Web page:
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Monday, February 14, 2022

The Dar al-Islam on the Eve of the Crusades

 To understand the dynamics, opportunities and risks that confronted the crusaders when they ventured into the Holy Land in 1099, an appreciation of the Islamic world the crusaders confronted is essential. This dynamic world had evolved through history.  Below is a quick sketch of key events and factors shaping the Dar al-Islam in 450 years prior to the First Crusade.

By the time the first crusaders arrived in the Middle East to re-take Jerusalem and re-establish Christian rule over the territories known in the West as "the Holy Land," Arab domination of the Levant had lasted roughly 450 years. More important, driven by religious fervor, the Arabs had conquered North Africa, most of the Iberian peninsula, the islands of the Mediterranean, and had spread Islam to the Caucuses and Persia as well. (For a timeline of Muslim conquests see: Jerusalem Forgotten?)

Alongside these military victories, Arab elites adopted and spread a new Islamic culture. This culture awakened a surge of creativity and produced great works of art, literature, mathematics, astronomy and medicine. In urban centers such as Baghdad, Cairo and Damascus there were centers of learning and education, as well as great hospitals, including teaching hospitals where medical practitioners were trained. Great mosques, palaces, fortresses and markets were built. Indeed, the 9th and 10th centuries are often viewed as a "golden age" of Islamic culture.

In the 11th and 12th centuries, however, a number of factors began to undermine and shatter that Arab dominance and with it the confidence that had fostered the flourishing of intellectual and artistic achievements. Indeed, the diversity of peoples now united in the Dar al-Islam make the crusader term "Saracen" (which literally just means "easterner") a justifiable description of their foes. Historians noted that the crusaders, in spite of their various origins, were more homogeneous than their opponents, who were deeply divided racially, linguistically, and culturally. In addition to the Arabs, there were now Turks, Persians, Berbers, and Kurds living in the "abode of Islam" (the literal translation of Dar al-Islam).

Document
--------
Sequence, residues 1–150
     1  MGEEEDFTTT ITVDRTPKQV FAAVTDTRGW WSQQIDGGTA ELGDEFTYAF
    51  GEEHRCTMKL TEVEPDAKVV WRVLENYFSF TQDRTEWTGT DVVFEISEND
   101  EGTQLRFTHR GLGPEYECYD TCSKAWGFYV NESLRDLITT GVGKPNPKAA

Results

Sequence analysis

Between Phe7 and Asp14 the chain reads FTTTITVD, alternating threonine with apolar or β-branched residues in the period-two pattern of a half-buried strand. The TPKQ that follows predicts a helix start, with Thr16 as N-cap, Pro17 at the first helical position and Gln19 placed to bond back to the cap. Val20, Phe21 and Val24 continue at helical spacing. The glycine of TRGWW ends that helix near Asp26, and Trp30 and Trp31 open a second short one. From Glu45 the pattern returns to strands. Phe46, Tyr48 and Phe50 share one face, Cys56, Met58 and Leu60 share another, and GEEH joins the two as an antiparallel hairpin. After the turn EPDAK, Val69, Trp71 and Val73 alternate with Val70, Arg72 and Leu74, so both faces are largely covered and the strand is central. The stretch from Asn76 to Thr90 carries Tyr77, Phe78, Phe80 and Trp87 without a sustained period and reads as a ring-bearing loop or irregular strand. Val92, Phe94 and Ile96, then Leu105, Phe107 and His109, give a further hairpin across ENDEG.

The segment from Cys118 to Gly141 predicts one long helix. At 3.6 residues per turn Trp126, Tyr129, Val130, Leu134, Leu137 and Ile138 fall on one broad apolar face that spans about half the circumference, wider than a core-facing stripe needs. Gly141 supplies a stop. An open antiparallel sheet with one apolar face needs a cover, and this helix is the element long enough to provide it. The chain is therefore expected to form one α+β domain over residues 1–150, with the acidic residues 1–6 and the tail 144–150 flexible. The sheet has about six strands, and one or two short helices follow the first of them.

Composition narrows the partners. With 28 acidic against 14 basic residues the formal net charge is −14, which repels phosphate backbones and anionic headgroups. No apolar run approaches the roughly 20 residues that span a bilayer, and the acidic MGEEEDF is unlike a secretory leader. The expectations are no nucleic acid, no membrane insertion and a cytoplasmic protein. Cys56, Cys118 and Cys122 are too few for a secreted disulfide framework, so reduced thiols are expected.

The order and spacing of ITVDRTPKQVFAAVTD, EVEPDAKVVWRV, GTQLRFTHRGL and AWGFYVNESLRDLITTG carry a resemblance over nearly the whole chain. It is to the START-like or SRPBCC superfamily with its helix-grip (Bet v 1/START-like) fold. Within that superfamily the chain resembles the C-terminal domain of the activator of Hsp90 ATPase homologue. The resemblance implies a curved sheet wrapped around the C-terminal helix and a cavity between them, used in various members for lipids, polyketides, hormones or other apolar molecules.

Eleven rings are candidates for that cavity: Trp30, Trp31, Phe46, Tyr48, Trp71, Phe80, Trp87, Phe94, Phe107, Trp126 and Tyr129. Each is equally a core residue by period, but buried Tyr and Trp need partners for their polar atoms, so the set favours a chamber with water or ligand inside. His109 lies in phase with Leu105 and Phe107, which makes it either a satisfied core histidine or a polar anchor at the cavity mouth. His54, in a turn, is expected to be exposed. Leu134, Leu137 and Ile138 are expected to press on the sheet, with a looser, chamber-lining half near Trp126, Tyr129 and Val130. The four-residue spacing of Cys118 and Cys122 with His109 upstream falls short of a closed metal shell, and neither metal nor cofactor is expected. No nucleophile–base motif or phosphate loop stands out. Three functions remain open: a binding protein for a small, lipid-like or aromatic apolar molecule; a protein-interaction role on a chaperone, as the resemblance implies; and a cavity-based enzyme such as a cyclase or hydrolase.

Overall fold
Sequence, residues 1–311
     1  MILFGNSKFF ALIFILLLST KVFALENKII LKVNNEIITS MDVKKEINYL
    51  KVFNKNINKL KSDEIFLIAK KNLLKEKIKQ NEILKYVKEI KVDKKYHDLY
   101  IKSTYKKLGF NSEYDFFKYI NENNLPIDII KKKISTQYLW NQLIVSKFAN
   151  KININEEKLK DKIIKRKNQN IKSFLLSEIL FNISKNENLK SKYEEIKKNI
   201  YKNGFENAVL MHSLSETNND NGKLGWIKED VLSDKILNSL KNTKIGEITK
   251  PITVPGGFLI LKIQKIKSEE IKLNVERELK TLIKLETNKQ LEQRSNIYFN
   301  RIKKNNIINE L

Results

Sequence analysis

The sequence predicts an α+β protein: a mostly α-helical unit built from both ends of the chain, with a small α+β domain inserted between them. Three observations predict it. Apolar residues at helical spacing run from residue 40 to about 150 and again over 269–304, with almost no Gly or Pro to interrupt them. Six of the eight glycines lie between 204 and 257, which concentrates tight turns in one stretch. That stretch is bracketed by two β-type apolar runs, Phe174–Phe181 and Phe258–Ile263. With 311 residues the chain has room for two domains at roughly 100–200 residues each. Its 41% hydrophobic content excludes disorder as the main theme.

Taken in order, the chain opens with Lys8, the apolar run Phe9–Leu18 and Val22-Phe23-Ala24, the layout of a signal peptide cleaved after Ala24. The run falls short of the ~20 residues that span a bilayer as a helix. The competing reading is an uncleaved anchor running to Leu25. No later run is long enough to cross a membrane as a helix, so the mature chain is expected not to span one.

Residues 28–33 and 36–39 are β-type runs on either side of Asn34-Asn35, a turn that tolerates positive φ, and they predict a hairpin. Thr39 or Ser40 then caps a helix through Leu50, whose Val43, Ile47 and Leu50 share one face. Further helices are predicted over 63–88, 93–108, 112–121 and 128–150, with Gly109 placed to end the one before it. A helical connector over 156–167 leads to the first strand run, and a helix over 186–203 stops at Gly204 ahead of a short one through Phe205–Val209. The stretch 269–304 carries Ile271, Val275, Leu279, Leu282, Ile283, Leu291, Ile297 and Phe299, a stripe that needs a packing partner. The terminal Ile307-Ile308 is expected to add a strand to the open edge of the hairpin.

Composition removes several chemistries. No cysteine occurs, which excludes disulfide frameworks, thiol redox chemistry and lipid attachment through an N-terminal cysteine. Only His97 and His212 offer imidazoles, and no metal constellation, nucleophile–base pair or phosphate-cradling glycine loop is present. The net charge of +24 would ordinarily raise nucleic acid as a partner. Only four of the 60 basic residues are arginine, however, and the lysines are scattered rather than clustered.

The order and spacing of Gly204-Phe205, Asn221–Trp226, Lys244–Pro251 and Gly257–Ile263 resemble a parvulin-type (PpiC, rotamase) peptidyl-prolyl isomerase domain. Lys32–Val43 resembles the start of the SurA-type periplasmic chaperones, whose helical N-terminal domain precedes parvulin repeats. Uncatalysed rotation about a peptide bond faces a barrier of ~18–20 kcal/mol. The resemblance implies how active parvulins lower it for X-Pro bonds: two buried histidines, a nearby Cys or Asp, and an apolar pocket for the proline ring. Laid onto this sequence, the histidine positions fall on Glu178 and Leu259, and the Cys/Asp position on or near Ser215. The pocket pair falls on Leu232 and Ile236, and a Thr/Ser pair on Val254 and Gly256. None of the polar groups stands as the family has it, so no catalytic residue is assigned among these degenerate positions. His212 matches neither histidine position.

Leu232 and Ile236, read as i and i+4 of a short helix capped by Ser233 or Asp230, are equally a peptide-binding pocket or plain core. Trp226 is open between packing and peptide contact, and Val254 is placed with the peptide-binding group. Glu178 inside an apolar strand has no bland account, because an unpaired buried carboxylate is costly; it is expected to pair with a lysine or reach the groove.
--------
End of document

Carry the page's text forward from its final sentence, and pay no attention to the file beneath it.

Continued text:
Arguably even more disruptive to Islamic society of the twelfth century was the dangerous strength of two Shia states in the heart of the Middle East. The largest and most successful was the Fatimid Caliphate, established in Cairo in 969, which had rapidly spread its influence across North Africa and the Levant. The Turks, recent converts to Islam, pushed the Fatimids back into Africa -- but at the price of seizing political control of the Caliphate of Baghdad. Thereafter and for the next two hundred years, the Caliphs of Baghdad were virtual prisoners of their protectors.

Meanwhile, a smaller and more fanatical Shia sect established itself in the mountains of what is now Lebanon: the Assassins. Sunni Muslim leaders felt actively threatened by both of these Shia states, and wars against the Shia generally commanded more popular support than wars against the Christians because the Shias were viewed as heretics, while the Christians were simply misguided.

Yet, this was not the only threat or conflict of the period. Historian Nabih Amin Faris summarizes the situation like this: